The Europe trip of a lifetime
We all have that childhood dream – becoming a doctor, having a Ferrari or even just a pony. I think one of my first dreams were to visit Greece. I have been playing Zeus (a computer game where you build your own empire) and fell in love with the mythology. When I got (much) older and finally got my first opportunity to travel, I went to Italy. I know, it seems strange to dream about something for years and then not grab the chance when it comes, but I was travelling with a friend and we found the middle ground.
Another two and a half years and I am living in Sweden with a residence permit allowing me access to the Schengen area. And I still haven’t gotten to Greece. I have however just kicked off the most amazing trip you (or then me) can ever imagine.
So I will try to keep you posted as I move around. Being on trains a lot should give me a chance to jot down some ramblings. But first I’d like to tell you about the trip in general.
How it got started
When I got the opportunity to move to Sweden, I saw one huge perk: three months summer vacation with open access to Europe. I have been saving up for ages with no specific plan. So this was it. I was going to see Europe.
I started planning in January and quickly realised that three months only sounds long. If you want to visit the whole Europe that means very little time in each city. So I had to trim and skim and sadly eliminate some places until I got a rough plan of which countries I could get to.
The overall route
After a careful (and a bit sad) process of elimination, I decided I will visit Germany, the Netherlands, Belgium, France, Spain, Portugal, Switzerland, Austria and Czech Republic. Yes, Portugal is in cursive – the trip was still too long, so I moved that up a bit and visited Portugal early April. I will tell you about it sometime.
And as you will notice Greece is again not on the list. For now the plan is to do that next year.
Inbetween all this, I wanted to make time to go home to South Africa. Now, I haven’t seen my aunt and uncle in a year, so that was a priority. I also wanted to visit the coast and I’d need to say hello back in my home town. So I picked two weeks overlapping my brother’s school holiday (so we can visit the South Coast as a family) and looked for flights from anywhere in Europe. Finally it was decided: I will be flying from Amsterdam to Cape Town to visit my aunt, then from there to Durban for our holiday and then we drive up back home (close to Johannesburg). So a mini SA tour squashed inbetween.
Planning the itinerary
Everyone has their way of planning for a trip. I like to plan for ages on random trivial things and then do the important things in the ‘final hour’. This is thanks to both my somewhat short attention span and amazing ability to procasternate. Anyway, I started by finding the top things in each country to do (sorted into cities). Then I looked at the easiest way to make a round trip around Europe.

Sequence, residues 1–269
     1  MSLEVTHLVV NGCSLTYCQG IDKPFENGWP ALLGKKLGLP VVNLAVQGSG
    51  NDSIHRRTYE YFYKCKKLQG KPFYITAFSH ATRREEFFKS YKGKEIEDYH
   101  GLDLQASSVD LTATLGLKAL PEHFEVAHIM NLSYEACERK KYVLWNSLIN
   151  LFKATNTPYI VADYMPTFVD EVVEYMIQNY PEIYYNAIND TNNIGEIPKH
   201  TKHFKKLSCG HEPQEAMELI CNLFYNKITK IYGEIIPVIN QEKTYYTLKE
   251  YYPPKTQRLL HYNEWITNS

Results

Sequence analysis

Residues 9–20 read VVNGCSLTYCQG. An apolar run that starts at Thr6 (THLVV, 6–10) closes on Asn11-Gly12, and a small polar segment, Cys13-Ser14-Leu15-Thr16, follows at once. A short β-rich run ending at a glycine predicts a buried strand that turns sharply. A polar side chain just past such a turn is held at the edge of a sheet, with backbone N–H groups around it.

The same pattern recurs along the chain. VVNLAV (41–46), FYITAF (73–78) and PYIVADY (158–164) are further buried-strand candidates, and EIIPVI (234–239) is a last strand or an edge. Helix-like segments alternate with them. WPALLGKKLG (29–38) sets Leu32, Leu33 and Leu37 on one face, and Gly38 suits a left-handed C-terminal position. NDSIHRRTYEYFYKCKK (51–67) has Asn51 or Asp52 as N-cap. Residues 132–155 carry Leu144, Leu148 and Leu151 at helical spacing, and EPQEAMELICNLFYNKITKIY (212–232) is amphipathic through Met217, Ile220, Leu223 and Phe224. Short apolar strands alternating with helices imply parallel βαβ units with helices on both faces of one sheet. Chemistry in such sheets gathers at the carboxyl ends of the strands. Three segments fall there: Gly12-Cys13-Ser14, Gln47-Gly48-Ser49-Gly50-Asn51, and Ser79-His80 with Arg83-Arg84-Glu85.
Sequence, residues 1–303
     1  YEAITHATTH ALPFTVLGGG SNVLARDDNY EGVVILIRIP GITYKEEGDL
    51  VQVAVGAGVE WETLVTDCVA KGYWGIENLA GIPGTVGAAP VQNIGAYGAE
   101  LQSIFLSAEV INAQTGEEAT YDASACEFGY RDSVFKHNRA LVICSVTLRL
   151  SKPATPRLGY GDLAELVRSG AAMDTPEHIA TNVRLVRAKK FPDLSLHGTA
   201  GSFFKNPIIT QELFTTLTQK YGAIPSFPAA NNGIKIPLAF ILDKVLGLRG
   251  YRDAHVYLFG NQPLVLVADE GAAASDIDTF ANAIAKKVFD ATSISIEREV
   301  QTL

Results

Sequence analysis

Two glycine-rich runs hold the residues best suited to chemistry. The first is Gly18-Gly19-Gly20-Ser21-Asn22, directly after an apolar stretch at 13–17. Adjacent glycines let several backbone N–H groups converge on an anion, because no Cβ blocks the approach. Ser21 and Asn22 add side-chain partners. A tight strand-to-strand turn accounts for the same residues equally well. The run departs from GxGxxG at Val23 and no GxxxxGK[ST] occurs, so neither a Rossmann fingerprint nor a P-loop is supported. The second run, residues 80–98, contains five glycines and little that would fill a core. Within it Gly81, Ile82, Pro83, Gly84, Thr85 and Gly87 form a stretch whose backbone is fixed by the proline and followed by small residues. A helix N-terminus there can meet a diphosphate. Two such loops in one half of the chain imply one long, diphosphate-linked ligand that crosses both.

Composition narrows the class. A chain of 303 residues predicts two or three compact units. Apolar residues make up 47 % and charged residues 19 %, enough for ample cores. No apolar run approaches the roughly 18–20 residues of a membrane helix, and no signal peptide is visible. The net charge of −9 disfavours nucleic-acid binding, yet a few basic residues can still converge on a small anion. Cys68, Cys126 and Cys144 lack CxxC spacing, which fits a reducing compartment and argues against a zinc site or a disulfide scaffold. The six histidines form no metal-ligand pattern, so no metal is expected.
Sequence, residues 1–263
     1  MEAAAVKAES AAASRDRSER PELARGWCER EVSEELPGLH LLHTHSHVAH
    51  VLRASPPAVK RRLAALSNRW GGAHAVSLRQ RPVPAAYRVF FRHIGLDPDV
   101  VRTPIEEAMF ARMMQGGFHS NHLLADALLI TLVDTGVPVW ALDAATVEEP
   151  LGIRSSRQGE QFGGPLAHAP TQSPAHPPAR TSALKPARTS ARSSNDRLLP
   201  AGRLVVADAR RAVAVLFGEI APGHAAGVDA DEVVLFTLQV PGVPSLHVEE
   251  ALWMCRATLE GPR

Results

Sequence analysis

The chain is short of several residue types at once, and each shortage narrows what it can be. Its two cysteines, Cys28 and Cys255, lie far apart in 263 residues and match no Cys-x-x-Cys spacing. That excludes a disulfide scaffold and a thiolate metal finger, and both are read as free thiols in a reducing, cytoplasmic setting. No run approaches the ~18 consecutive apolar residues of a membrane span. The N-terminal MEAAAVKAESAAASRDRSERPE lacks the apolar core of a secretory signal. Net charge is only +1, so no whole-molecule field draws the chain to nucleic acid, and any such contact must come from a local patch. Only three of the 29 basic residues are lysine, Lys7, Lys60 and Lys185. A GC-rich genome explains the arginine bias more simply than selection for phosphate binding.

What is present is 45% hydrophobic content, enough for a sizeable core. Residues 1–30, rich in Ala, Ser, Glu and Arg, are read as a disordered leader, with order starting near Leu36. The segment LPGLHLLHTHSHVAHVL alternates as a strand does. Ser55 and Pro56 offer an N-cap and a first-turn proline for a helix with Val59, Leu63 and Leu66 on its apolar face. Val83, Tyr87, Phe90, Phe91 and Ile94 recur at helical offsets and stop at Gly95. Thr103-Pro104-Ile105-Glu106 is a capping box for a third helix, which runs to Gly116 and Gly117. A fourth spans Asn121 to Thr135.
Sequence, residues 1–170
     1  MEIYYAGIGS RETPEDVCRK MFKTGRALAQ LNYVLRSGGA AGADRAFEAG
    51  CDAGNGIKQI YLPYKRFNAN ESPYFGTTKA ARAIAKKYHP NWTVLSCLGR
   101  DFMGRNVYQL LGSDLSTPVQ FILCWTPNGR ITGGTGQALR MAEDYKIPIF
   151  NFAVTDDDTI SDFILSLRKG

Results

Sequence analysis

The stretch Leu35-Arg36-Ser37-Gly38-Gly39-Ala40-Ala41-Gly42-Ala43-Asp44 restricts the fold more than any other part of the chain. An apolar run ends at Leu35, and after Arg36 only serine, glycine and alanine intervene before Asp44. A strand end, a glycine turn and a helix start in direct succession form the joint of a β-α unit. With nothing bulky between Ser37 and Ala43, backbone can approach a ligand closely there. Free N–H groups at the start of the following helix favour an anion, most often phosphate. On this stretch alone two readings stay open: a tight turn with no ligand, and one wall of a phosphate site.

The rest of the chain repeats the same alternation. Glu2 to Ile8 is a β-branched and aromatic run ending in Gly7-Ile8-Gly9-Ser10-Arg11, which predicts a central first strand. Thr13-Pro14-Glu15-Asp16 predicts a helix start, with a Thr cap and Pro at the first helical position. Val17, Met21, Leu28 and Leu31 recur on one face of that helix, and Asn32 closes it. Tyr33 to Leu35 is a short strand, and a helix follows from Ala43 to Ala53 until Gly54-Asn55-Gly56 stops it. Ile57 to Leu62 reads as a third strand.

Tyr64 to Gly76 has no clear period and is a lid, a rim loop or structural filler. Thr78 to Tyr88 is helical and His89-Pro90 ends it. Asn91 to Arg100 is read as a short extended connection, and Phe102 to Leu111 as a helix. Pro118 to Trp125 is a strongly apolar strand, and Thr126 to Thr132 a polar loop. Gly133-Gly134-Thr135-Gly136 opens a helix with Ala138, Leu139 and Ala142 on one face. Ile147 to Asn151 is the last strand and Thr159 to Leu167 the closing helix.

Okay I am lying. I wrote and edited, scrapped and rewrote, and edited again. But I finally got a plan that would have me in Amsterdam on time for my flights, Brussels to meet a friend I haven’t seen in ages, Turin for another friend’s graduation and somewhere nice* for my birthday.
*somewhere nice: this was the very specific requirement I had. I also did not want to travel too much and wanted to be able to either relax or go out and have fun. So yes, pretty much anywhere. Initially I planned for Paris, but after reconsideration I will now spend the weekend in Aix-en-Provence (France).
My first important step was to decide on travel mode. I took hours, days even, to weight the prices and durations. I prefer train over bus – it has more room and you can get up and walk somewhere; and it is faster. Now if you are wondering if the rail pass is worth it, let me give you the long and short of my considerations and why I decided to buy it.
- I had the option of Eurail or Interail as I am a non-EU citizen currently living in Europe. Interail is (somewhat) cheaper if you buy anything up to a 2 month pass. There is however no 3 month continuous pass as with Eurail.
- Youth passes are cheaper (we know that, right). The thing is, you have to be 27 or younger the day you activate the pass to utilise this. So if I would buy a three month pass, I could use the youth pass. If I would buy a shorter pass, I would probably validate it after my 28th (shhhhh) birthday.
- I calculated costs for most of the journeys I want to take. Seeing that I want to travel a lot, this amounted to quite a huge sum.
Everything considered, the Eurail pass made a lot of sense for me. I would like to suggest that you take the time to first see what the value of your travel would be before you buy it, as it is not always cheaper to buy the pass. Offcourse I was extra lucky as there was a summer sale on and I ended up paying €780 for my 2nd class 3 months continuous youth pass (say that 3 times fast) with shipping.
I was writing exams until Saturday and departed Monday night. Now keep in mind it was the end of our school year, so Saturday (whole day after the exam) was dedicated to a social with the class. Sunday afternoon was spent saying goodbye to friends and laundry afterwards. So in short: I did not get to much. Up till now I have booked places for half of the trip, but I need to do the rest soon. Mostly I plan to stay in hostels – it is affordable, but I prefer to stay in them for the atmosphere. If you haven’t tried it yet, you really should! I’ve also reserved my spot on the chocolate and cheese train in Montreux (Switzerland). The rest I’ll take as it comes.
So now you know my general plan, welcome to my trip! If you follow along and want me to share something specific, give me a shout and I can add that in the upcoming posts. Same goes for any questions about my planning or itinerary in general.
As always – thanks for reading!